Why You Can't Trust A La Liga Goal Scorer

By Fletcher Sharpe
Brad Penner-USA TODAY Sports
Brad Penner-USA TODAY Sports

I do not intend to rain on anyone’s parade, but any time the club you cheer for decides they need scoring power and looks towards La Liga, you should begin to worry immediately.

Spain‘s national squad features a myriad of superstars like Real Madrid‘s Sergio Ramos, Barcelona‘s Andres Iniesta, Real Madrid’s Iker Casillas, or Barcelona’s Xavi. Hopefully, you’re noticing the trend here. When 14 out of 23 players come from two teams, that means your domestic league really can’t be that good, especially when of those 23 come from another team (Atletico Madrid) and the rest play in other countries.

The league is a fan’s league, where usually only two teams with a lot of money have a real shot of winning the title, and every other squad is just fodder for them. When a foul is called on a superstar player from Barcelona or Real Madrid, it is usually one where the player who gets the foul called on them gets the most severe punishment possible.

If you step late on a player, it’s a yellow card. If you trip a player, it’s a yellow or a red, depending on who it’s committed on. If you touch the golden child, Lionel Messi in the box, it’s a automatic penalty. As much as MLS is an inferior league, at least the superstar players are held to the same rulebook as the last guy off of the bench.

Take Roberto Soldado. For those who don’t know, Soldado was a goal-scoring machine while he played in La Liga, hammering balls past keepers at a 1/3 clip (goals/games) while at Osasuna (11/30), increasing that as he went to Getafe (29/60), and stopping finally at Valencia where he bagged 59 goals in 101 games for Los Che.

That is mind boggling. He became my favorite player because he was a guy scoring goals not named Messi or Cristiano Ronaldo. But after hearing about Tottenham Hotspurs signing him to a £26 million deal, I decided to look up some footage on him, and it was stunning.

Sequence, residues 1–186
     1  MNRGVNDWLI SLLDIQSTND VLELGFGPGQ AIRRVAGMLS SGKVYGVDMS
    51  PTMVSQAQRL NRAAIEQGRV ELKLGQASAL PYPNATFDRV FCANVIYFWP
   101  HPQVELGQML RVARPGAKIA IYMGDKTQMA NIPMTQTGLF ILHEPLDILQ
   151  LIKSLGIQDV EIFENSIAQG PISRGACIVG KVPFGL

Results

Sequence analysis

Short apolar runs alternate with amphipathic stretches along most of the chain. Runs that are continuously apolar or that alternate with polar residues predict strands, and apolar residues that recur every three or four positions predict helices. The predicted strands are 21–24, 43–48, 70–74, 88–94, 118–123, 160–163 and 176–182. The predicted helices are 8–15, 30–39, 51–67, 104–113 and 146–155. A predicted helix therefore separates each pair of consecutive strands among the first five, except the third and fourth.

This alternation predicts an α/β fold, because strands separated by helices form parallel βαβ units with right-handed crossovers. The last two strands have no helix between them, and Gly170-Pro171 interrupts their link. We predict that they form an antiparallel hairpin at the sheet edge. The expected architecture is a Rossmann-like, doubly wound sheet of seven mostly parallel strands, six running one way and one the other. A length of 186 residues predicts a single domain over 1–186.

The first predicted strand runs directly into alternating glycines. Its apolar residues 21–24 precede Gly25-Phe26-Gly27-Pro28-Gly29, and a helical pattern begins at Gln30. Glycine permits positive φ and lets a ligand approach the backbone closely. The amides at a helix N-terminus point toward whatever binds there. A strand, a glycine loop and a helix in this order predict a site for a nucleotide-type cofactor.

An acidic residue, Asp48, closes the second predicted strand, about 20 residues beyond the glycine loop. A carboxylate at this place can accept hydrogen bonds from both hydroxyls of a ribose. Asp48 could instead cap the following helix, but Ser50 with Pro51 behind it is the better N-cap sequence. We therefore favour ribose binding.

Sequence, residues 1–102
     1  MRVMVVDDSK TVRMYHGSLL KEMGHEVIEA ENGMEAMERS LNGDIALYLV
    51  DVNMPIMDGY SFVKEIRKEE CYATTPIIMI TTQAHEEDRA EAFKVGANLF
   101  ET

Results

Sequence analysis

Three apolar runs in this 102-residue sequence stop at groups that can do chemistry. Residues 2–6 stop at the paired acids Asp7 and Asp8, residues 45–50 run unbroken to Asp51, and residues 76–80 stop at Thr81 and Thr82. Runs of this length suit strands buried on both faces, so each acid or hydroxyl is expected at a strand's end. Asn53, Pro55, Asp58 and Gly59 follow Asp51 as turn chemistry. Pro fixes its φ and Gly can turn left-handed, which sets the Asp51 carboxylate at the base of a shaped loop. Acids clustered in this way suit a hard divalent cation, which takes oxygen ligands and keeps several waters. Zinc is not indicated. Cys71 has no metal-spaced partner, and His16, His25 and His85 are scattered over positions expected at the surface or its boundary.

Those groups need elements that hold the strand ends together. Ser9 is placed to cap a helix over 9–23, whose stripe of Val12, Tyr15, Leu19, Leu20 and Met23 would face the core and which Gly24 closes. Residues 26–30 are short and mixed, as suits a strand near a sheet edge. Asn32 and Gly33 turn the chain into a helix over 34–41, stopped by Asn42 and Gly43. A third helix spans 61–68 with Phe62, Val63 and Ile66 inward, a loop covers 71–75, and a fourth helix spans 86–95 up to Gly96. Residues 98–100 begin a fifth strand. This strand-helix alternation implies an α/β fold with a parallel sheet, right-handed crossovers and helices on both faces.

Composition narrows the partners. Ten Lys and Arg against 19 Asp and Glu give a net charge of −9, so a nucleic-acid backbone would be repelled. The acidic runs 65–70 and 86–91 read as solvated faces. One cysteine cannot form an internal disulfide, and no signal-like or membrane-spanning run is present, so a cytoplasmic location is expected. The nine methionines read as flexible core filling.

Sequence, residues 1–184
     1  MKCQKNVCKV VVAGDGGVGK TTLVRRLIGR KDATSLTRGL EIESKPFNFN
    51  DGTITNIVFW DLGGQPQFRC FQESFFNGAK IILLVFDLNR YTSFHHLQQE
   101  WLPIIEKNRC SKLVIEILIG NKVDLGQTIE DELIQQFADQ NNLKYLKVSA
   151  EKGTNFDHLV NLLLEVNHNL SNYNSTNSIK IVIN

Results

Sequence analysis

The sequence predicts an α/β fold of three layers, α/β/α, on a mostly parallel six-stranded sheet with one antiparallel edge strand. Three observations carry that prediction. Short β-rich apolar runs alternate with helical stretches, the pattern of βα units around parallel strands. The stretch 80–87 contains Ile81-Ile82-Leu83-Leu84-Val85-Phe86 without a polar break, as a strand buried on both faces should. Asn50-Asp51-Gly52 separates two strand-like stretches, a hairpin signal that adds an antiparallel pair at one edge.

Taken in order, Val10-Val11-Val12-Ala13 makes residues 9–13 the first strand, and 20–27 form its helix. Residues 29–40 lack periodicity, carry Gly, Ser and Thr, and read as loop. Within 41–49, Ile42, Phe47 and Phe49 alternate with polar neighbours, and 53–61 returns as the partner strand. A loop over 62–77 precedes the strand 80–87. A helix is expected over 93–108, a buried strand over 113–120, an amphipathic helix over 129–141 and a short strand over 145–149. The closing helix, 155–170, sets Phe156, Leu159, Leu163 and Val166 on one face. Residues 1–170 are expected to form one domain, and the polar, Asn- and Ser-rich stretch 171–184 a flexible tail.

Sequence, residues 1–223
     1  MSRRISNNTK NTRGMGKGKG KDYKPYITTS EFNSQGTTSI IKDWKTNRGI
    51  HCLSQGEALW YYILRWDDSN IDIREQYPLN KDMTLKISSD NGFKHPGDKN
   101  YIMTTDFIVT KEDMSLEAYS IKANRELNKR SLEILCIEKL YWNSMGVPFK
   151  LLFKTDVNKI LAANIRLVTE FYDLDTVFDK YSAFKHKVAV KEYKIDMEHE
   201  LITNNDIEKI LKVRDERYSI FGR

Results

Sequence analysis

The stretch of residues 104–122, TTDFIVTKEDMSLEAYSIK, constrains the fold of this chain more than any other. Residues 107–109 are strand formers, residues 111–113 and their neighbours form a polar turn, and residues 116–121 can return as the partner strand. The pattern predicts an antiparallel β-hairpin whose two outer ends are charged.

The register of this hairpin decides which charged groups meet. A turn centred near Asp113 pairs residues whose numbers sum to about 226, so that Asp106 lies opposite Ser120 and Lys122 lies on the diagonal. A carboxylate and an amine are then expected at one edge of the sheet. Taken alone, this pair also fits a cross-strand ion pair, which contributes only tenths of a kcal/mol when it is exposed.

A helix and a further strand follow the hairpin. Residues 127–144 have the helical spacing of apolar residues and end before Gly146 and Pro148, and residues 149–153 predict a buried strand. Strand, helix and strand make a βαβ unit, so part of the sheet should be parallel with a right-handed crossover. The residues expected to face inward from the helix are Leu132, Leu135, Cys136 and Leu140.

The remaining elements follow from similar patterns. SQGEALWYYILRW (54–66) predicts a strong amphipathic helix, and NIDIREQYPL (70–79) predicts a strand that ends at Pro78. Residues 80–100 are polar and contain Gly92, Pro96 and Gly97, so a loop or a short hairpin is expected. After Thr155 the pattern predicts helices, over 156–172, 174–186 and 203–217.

Not his play, but the defense he played against. Defenders were letting him set up right in front of the net and just poach uninhibited and knock in goals. No resistance, no grabbing, just matador defense. Goalies were coming far out of the net and he just dribbled by them and slotted balls home. It was horrid defending, hence me not being so surprised that he has only six goals since he started play in the EPL, with all but two of them coming from penalty kicks or free kicks.

It’s not only the fact it’s just six goals, it’s the fact that he has had opportunities for many more and just missed horribly — like Fernando Torres horribly. “El Guerrillero”is playing a lot more like a melted army figurine.

Another forward in this mold is Alvaro Negredo of Manchester City. Negredo was a rock in La Liga, never scoring lower than 11 goals. But once he landed in Manchester, he quickly showed that he was just a big, slow, usually out of place forward who currently has just nine goals, and looks to possibly finish with that same number.

The difference between Soldado and Negredo is that Soldado clearly needs more help as Tottenham is the Jekyll and Hyde of the English League, with great performances in big games and dreadful ones in the others. Negredo actually has a great team in Man City and still manages to whiff … a lot. “The Beast of Vallecas” has been tamed by the more physical nature of the EPL.

It is worse with the bigger stars like Messi or Ronaldo as defenders just get out of the way, not wanting to be put on ESPN’s highlight reel, and keepers just give up as they shoot, seemingly not seeing a point in trying to stop them. To be fair, not every forward who comes from this video game-like league is a dud, but just because there is a chance you can hold a firecracker as it explodes and not lose your hand, doesn’t mean you should do it.

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